“There aren’t many criminal cases in the history of Anglo-American jurisprudence in which a testifying target of a grand jury investigation did not, at least for a moment, try to fudge his way out answering a question. One of the first things you’re taught in law school is that it’s your job as the lawyer to rein the witness in and get him to answer. The prosecutor eventually did that here. And then the prosecutor decided to literally make a federal case out of the fact that a witness rambled for a minute, calling it obstruction of justice. The jury, it’s worth noting, thought it was a joke too, but they felt their hands were tied.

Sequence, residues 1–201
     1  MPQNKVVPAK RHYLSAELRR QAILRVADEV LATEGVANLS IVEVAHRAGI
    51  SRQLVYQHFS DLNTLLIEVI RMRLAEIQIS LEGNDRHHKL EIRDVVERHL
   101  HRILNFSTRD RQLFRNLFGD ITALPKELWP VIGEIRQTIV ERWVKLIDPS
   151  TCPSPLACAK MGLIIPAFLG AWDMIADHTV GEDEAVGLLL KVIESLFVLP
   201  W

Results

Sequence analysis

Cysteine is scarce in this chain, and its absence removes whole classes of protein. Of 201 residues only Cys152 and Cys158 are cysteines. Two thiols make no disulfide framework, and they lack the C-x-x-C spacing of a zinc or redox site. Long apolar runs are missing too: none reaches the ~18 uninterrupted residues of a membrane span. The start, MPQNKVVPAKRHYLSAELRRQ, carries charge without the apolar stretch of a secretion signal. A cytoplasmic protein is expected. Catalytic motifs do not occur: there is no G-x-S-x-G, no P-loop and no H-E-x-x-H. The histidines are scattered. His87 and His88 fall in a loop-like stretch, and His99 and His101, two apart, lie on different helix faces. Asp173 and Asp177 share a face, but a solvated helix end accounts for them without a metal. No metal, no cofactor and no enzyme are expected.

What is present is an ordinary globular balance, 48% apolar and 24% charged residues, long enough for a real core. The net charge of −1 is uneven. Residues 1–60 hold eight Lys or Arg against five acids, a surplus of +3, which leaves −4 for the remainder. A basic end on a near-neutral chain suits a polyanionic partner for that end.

And now, it appears, the 9th Circuit Court of Appeals has agreed.
So, call Bonds a liar, if you must. Call him a cheater. Call him the Home Run King. All of those are more or less accurate. But you can’t call him a convicted felon anymore.”